What Issues can Cognitive Behavioural Therapy (CBT) Help with?
In this article about Cognitive Behavioural Therapy (CBT), we look in more detail at the kinds of problems it helps with. In the previous article, we discussed how CBT works and what a typical session involves. Next, we’ll explore options for how to stay well between appointments.
Here at Newcastle Psychologist & Counselling, we offer CBT for children, adults and families experiencing from a range of problems (including depression, anxiety, OCD, worry, trauma, and anger management as well as specialist CBT for Insomnia).
Our team of experienced psychologists, counsellors and psychotherapists all use elements of CBT when working with you or your loved ones at both our Gosforth and Jesmond clinics.
Anxiety and Depression
Anxiety is normal, though can feel unpleasant, for many people. Anxiety involves worrying about things that are going to happen, either immediately or in the future.
However, if anxiety is a regular occurrence, lasts for a long time, impacts on daily life or is out of proportion to the situation, then it’s a problem.
Depression is seen as long-term low mood, sadness or feeling down and in its most severe form can cause suicidal thoughts. It can be overwhelming and people suffering from depression might struggle to cope with day to day life or activities, especially if their depression is severe.
Cognitive-Behavioural Therapy (CBT) helps those suffering from depression and/or anxiety (whether due to worry, obsessions, or trauma) to challenge their thoughts and provide them with tools they can use every time they feel bad.
CBT can be used as an approach by itself, or even if you are currently taking medication, and the results can be positive and long-lasting.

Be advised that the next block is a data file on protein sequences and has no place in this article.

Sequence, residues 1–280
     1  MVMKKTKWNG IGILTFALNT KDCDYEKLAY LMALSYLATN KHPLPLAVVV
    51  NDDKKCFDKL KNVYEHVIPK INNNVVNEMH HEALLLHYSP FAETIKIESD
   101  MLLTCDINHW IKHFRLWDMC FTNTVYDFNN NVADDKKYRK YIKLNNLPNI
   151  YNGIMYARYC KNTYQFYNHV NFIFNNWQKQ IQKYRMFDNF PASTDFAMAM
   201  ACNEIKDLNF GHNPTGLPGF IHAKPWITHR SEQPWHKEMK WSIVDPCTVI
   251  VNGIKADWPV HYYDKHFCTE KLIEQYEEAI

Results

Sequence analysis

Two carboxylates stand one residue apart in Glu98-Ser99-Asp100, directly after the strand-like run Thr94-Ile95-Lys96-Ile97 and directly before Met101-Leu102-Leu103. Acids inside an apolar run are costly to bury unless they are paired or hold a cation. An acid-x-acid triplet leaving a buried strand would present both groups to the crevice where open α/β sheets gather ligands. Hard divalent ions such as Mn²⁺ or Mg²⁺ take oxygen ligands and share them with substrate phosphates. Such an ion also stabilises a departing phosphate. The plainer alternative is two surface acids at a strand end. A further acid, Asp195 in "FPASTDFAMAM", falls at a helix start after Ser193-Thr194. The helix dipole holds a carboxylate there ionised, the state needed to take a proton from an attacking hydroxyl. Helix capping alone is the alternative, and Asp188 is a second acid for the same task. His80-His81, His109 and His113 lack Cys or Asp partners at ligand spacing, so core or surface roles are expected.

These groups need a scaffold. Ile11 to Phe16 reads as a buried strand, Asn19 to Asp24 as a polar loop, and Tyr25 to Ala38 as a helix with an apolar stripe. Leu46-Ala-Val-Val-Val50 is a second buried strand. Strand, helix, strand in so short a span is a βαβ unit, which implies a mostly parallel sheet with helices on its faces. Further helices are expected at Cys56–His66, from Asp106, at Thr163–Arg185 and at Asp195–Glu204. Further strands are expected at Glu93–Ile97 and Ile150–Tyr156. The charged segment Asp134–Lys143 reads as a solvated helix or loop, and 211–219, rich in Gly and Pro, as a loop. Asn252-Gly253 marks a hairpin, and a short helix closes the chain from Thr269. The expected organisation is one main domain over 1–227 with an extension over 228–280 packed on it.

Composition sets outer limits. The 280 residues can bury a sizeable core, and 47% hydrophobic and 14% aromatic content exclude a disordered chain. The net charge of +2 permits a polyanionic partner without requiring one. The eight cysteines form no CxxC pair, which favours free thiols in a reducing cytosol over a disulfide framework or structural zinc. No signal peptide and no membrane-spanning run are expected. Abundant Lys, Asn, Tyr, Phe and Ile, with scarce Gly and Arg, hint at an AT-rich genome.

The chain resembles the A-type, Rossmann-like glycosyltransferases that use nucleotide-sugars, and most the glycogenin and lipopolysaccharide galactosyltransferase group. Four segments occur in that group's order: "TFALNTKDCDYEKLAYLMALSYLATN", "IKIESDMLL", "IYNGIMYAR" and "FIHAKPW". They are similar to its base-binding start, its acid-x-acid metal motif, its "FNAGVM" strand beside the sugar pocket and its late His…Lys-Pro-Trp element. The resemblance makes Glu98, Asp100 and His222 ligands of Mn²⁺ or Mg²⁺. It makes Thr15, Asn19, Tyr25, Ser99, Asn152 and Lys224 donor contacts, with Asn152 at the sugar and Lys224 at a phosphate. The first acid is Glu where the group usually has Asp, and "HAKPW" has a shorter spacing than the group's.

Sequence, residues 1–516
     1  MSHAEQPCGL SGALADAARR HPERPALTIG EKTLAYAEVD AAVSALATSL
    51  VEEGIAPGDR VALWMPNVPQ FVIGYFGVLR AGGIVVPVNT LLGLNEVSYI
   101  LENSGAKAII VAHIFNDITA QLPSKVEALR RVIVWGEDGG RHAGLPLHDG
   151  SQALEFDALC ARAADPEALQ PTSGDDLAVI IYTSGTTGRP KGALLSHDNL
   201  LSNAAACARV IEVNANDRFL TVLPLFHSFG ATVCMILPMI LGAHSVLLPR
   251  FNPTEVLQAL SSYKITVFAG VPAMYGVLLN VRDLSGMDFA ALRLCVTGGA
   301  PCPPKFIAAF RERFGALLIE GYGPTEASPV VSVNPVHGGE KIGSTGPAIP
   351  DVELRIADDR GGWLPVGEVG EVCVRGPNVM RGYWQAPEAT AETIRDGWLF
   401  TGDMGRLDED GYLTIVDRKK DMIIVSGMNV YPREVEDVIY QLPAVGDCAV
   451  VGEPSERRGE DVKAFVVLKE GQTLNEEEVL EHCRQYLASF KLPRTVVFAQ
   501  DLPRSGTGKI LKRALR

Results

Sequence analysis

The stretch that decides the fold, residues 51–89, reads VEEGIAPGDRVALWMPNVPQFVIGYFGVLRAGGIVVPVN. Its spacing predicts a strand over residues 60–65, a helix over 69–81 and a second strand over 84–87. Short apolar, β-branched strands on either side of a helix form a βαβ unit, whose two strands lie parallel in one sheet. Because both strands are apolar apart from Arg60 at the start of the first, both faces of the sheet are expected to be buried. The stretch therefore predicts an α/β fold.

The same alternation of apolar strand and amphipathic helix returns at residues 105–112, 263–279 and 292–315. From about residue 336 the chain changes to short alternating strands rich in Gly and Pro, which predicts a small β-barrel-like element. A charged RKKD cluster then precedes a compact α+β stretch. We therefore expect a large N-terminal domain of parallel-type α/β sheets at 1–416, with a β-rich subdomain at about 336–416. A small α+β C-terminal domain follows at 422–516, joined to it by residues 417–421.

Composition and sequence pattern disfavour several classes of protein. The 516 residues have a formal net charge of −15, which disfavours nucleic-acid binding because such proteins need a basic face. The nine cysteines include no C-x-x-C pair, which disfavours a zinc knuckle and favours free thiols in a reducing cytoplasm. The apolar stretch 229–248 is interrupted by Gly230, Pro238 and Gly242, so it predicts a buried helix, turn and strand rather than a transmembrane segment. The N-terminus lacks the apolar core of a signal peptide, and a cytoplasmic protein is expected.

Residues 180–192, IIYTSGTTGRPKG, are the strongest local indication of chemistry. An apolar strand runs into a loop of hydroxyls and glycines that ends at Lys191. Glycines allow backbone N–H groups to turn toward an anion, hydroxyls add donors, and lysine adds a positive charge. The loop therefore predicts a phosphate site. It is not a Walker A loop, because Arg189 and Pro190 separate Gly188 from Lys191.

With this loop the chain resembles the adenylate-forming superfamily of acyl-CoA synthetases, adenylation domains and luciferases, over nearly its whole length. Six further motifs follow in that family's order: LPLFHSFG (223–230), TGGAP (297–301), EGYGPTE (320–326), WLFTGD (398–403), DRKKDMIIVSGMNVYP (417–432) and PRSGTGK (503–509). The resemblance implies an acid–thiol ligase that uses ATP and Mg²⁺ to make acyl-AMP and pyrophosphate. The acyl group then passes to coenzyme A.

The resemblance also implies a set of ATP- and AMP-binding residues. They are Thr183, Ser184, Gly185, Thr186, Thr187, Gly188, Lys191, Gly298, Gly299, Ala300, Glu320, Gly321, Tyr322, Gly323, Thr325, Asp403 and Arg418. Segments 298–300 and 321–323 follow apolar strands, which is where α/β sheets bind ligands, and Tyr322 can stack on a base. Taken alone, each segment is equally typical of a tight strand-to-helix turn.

Bipolar depression is seen as drastic changes in mood (often moving between overenergetic and impulsive phases and periods of depression) which have a massive impact on daily life.
Moods can go from high (manic or hypermanic) and feeling invincible, to depressive episodes (low mood). Some people also experience hearing voices or seeing things that others can’t (hallucinations) in both states.
Manic and depressive episodes can last for any period of time. Cognitive-Behavioural Therapy (CBT) is particularly helpful in overcoming the symptoms of the depressive phase, and for minimising the impact of hyper or “manic” phases.
We are also able to work in a structured way to help you reduce the chance of relapse, and minimising triggers.
While anger is a normal emotion, if you’re struggling to control your responses, then it can affect your relationships, work situation and even your own health (whether through injuring yourself or by causing excess stress).
As well as feelings of frustration, annoyance and impatience, physical signs of anger such as bodily tension, rapid breathing or increased heart rate can also occur,.
Anger can be connected to anxiety and fear, or a sign that you hold rigid beliefs or expectations about yourself, the world and/or other people. Cognitive-Behavioural Therapy helps you understand why you feel the way you do, and to manage your anger through developing a range of different responses when anger occurs.